SpaceX’s Starship has taken to the skies once more as the company successfully completed a test flight of most powerful launch vehicle ever built on Thursday, June 6. During this test flight – its fourth to date – the Starship also achieved key objectives, main being landing it back in a touchdown in the Gulf of Mexico. The launch occurred from the private Starbase facility in Boca Chica, Texas, at 8:50 AM ET. The objectives of the test flight were simple: bring the Super Heavy booster back to Earth and achieve a controlled reentry of the Starship.

Despite being only the fourth attempt to reach orbit, the launch was notably smooth, with just one of the 33 Raptor engines on the Super Heavy booster failing. The launch also included SpaceX’s “hot-staging” separation technique, where the engines on the upper stage ignite while still attached to the booster to assist in pushing it away. Additionally, the test successfully jettisoned the hot stage ring, reducing the booster’s weight for its return journey. Following a successful separation approximately 2.5 minutes after liftoff, the Super Heavy booster executed a landing burn and completed a controlled splashdown in the Gulf of Mexico.

About an hour after launch, the Starship upper stage followed suit, surviving the extreme conditions of reentry and splashing down in the Indian Ocean. The most critical phase of the mission arrived with Starship’s re-entry into the Earth’s atmosphere. This test aimed to replicate the conditions the spacecraft would face during an orbital flight, pushing the heat shield to its limits. Thankfully, the upgraded heat shield system performed admirably, even as SpaceX intentionally pushed its limits by removing some tiles.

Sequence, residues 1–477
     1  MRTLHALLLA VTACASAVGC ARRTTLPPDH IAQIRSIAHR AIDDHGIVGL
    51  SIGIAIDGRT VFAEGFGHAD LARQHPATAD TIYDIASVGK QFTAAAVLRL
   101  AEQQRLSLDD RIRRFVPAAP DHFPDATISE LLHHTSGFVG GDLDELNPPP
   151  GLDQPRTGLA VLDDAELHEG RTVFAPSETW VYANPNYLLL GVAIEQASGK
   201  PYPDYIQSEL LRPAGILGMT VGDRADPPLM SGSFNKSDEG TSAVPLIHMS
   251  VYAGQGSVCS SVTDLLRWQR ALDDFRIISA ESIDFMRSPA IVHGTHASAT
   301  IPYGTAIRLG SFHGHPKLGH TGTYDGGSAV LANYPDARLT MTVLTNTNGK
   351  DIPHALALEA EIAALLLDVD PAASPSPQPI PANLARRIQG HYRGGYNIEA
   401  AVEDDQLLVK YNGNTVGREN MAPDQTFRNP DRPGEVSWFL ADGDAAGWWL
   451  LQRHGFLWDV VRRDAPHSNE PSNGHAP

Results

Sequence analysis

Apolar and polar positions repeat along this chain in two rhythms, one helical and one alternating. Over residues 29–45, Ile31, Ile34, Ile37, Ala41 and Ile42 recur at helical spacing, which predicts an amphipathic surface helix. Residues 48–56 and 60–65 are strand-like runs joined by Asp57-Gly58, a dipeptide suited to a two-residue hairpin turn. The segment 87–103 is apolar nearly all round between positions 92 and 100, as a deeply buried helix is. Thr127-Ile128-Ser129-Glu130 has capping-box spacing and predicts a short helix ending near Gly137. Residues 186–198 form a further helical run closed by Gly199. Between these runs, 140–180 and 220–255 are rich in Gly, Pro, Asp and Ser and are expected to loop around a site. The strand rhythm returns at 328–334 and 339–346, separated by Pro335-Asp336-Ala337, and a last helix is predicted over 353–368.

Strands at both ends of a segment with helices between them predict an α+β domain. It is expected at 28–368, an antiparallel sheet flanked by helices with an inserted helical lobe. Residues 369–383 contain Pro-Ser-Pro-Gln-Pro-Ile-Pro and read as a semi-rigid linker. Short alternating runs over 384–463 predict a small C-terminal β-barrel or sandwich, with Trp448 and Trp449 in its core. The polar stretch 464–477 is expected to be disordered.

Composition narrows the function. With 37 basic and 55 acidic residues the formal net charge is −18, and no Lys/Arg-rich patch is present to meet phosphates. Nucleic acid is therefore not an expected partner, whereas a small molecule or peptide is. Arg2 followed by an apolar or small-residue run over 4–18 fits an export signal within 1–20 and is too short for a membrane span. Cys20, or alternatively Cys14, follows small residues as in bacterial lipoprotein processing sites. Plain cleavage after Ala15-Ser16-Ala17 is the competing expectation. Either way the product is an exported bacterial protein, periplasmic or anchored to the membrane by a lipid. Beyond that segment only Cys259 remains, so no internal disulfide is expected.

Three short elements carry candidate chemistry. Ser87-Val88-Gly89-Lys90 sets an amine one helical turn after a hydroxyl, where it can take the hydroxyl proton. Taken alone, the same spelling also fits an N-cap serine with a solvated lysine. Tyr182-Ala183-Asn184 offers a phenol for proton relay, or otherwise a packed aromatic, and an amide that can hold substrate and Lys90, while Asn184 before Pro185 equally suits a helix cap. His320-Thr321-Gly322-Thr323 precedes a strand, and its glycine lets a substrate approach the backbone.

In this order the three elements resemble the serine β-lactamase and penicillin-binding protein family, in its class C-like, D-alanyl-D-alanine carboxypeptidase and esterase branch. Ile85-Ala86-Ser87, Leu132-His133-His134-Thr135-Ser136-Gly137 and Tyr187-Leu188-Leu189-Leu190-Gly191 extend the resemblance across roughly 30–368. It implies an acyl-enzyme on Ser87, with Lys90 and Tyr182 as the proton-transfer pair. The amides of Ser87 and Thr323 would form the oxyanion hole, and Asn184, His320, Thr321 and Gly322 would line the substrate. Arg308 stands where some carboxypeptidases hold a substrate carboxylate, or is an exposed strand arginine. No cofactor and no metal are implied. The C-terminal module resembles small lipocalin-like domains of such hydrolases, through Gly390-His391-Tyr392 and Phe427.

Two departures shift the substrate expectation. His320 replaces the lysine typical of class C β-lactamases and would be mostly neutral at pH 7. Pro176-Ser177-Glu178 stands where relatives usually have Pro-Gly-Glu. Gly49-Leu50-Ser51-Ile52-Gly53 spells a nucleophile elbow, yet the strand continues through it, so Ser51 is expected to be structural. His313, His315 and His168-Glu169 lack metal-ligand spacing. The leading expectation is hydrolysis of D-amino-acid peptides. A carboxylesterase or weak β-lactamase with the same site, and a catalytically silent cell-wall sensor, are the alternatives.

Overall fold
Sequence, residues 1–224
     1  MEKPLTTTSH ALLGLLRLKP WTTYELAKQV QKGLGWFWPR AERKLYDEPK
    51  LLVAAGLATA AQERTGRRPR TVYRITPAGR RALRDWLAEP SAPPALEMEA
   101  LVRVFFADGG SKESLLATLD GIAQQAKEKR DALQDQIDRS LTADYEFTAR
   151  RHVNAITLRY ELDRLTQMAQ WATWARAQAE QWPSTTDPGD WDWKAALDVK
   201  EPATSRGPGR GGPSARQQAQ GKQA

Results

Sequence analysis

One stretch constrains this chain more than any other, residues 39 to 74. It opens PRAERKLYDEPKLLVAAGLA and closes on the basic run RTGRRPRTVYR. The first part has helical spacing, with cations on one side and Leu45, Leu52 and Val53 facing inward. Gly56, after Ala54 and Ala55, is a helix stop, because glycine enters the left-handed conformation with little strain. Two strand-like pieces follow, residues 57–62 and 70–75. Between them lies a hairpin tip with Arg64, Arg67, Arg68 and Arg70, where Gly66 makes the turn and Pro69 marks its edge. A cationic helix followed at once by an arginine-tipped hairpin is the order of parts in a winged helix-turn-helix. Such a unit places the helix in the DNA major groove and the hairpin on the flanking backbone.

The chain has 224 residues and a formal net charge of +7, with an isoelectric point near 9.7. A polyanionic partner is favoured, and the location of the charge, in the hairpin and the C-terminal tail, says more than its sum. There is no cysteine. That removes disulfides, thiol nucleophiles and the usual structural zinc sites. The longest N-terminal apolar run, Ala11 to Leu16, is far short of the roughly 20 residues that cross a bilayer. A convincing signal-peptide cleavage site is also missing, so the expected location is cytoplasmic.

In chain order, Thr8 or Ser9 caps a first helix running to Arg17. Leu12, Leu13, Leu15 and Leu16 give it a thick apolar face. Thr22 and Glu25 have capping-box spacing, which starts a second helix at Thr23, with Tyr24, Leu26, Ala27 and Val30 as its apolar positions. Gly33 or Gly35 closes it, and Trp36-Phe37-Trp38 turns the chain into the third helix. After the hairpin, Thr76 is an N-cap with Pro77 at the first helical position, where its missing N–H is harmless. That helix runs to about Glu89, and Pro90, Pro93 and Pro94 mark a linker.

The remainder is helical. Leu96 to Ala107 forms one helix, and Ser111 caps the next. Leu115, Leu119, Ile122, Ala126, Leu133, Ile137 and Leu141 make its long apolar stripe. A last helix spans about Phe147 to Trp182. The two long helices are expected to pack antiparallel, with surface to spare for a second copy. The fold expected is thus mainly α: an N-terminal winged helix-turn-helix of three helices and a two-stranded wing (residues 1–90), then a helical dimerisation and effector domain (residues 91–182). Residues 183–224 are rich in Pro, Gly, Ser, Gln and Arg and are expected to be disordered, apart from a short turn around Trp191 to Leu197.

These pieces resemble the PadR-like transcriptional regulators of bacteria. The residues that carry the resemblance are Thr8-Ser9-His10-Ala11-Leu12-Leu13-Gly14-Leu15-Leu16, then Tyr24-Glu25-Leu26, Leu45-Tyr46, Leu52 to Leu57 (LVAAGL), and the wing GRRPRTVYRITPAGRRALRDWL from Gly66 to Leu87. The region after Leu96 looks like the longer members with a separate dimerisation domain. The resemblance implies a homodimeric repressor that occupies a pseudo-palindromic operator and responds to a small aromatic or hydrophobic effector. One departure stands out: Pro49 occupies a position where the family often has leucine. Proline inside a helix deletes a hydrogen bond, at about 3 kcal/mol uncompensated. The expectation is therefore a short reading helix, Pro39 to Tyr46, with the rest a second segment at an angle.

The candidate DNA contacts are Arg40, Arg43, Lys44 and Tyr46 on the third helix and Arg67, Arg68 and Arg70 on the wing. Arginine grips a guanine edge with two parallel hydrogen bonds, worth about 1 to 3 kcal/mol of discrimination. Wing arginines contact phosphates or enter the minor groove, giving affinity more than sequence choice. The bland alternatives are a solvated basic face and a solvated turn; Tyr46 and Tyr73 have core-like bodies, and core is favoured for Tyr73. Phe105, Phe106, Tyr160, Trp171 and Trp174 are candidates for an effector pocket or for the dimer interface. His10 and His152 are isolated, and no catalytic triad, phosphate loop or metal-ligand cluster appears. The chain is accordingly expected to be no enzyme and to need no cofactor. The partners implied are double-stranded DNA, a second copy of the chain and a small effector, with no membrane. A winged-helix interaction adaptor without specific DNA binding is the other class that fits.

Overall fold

SpaceX CEO Elon Musk harped upon the importance of these tests in overcoming the remaining challenges, particularly related to the heat shield. “Despite the loss of many tiles and a damaged flap, Starship made it all the way to a soft landing in the ocean,” Musk shared on a post on social media. This successful test follows a series of incremental improvements since Starship’s first orbital test flight in April 2023, which ended in a mid-air explosion. Each subsequent flight has built on the lessons learned from previous tests, achieving greater milestones each time. For instance, the third test in March marked the first time Starship reached orbit and included testing critical systems for payload delivery.

The success of this fourth test flight is a significant step toward SpaceX’s broader objectives. The Starship system is designed to carry heavier versions of SpaceX’s Starlink satellites, deliver astronauts to the Moon for NASA, and eventually support human missions to Mars. NASA has already awarded SpaceX a multibillion-dollar contract to use Starship as a crewed lunar lander for its Artemis program. It is also designed to be more powerful and significantly more cost-effective than the workhorse Falcon 9 rocket, and its reusability is a game-changer. Unlike traditional rockets with expendable stages, Starship is designed to return to Earth and be relaunched, dramatically reducing launch costs and increasing mission frequency. This reusability also opens doors to a wider range of space missions.